I was asked a question recently at a job interview about HTTPS and admitted my knowledge was fuzzy in the area, but gave a crack at it anyway, the question was how does someone know that when they connect to a server that the person or service say who they say they are? how can you trust them? I answered you will be given a certificate from the CA and this contains information that the connection is legitimate, this was apparently not satisfactory as they then pushed for more asking about how do you know they are who they say they are from this certificate? In my head i thought being provided a certificate from the a CA was enough.
The answer they were looking for was the Digital signature. Which i completely forgot about. Nevertheless, feeling like a complete dolt afterwards i decided to shore up some holes in my knowledge and did me some learnin'.
So to recap (please feel free to tell me if im missing anything)the Digital signature is created by hashing some data on the certificate then encrypting it using the CA private key, which the person interested in authenticating the validity of said certificate will generate a hash on the same data on the certificate used in the signature generation, then use the certificates public key to decrypt the digital signature obtaining the hash, and then comparing them.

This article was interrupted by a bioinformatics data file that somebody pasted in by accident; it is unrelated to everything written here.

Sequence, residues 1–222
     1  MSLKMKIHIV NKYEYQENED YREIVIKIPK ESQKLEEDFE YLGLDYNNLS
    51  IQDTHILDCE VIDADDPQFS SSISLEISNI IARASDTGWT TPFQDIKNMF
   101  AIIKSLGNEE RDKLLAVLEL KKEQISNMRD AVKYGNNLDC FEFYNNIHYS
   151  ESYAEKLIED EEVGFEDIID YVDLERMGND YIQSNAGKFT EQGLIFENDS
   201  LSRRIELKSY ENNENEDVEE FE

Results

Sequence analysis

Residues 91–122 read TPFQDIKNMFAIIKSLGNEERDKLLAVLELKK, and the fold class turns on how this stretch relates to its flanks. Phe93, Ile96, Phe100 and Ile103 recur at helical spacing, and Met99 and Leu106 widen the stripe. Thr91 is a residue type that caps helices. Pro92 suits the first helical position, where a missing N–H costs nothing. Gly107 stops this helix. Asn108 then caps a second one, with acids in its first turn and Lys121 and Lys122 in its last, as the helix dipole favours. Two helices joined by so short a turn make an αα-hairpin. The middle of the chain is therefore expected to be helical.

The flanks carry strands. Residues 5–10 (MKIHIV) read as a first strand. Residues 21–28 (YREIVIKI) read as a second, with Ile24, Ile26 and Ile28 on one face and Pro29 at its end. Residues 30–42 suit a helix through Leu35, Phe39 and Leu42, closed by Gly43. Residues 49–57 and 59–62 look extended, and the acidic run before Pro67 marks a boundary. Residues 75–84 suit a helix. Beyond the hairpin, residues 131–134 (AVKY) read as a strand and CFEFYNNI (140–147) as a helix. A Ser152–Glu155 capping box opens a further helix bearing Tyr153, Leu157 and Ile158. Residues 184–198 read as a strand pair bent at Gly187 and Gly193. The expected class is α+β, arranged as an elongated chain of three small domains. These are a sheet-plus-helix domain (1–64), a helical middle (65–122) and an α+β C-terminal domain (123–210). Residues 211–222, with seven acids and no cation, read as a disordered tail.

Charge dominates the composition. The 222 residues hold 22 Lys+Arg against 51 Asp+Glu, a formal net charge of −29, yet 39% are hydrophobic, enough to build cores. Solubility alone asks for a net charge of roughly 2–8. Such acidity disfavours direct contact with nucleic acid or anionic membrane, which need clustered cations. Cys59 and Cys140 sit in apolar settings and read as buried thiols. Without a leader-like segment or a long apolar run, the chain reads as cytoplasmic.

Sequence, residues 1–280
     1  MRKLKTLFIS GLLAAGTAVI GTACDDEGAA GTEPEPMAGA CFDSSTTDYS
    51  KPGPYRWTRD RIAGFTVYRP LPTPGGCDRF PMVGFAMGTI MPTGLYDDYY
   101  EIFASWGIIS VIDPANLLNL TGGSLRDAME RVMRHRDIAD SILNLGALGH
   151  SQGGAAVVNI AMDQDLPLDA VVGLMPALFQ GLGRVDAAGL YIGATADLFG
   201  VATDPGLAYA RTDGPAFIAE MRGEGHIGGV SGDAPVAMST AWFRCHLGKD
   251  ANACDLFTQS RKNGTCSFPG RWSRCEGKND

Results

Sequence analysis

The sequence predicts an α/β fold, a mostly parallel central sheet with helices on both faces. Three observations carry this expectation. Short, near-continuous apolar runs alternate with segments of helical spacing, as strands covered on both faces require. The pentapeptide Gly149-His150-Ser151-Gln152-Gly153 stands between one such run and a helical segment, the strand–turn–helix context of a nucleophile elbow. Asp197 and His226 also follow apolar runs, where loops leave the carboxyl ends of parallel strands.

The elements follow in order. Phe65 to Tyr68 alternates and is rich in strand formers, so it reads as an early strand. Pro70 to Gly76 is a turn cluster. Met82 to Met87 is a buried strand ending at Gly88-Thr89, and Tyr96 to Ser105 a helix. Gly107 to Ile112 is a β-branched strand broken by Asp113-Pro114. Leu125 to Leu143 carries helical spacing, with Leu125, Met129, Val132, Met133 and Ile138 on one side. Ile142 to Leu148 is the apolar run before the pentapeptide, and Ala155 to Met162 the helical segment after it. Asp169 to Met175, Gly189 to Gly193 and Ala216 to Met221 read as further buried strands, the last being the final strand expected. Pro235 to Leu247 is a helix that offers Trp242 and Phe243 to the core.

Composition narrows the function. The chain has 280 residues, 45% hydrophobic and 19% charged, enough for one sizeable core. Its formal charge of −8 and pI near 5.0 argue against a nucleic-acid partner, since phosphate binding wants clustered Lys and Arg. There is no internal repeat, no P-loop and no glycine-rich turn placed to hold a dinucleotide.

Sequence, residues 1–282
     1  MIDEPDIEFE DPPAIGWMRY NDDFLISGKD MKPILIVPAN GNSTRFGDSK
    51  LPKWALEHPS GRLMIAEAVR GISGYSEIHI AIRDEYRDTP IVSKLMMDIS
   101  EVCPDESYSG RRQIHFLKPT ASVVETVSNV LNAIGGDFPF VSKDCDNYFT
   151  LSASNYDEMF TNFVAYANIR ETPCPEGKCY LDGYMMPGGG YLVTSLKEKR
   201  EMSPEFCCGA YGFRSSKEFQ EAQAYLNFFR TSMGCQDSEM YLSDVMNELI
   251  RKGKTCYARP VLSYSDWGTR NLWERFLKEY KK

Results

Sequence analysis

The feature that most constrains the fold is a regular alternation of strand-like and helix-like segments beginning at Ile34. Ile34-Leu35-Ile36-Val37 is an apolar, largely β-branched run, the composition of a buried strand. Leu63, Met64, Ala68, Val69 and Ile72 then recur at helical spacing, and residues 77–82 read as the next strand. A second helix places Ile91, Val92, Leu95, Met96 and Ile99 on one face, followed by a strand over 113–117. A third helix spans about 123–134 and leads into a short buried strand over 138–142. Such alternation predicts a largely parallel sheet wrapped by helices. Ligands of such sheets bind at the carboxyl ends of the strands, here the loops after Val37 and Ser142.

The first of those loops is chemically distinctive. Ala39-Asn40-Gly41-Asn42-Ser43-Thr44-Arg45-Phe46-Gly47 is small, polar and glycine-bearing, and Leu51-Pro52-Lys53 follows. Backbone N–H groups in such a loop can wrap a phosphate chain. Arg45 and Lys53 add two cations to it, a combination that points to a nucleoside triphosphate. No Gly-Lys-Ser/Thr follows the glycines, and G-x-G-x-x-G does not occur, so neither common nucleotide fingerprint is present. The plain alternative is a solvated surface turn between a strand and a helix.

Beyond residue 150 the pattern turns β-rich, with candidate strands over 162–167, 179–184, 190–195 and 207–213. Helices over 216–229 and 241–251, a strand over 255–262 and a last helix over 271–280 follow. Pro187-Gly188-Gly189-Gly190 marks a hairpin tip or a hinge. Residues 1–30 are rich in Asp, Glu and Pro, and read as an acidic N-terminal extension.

Now where Im a little perplexed about is how does let say a client know which part of the certificate to hash to then compare it to the hash retrieved from using the certificates public key on the digital signature. Does x.509 have a standard or do they just hash everything in the certificate? or do they communicate somehow on how they generate the hash?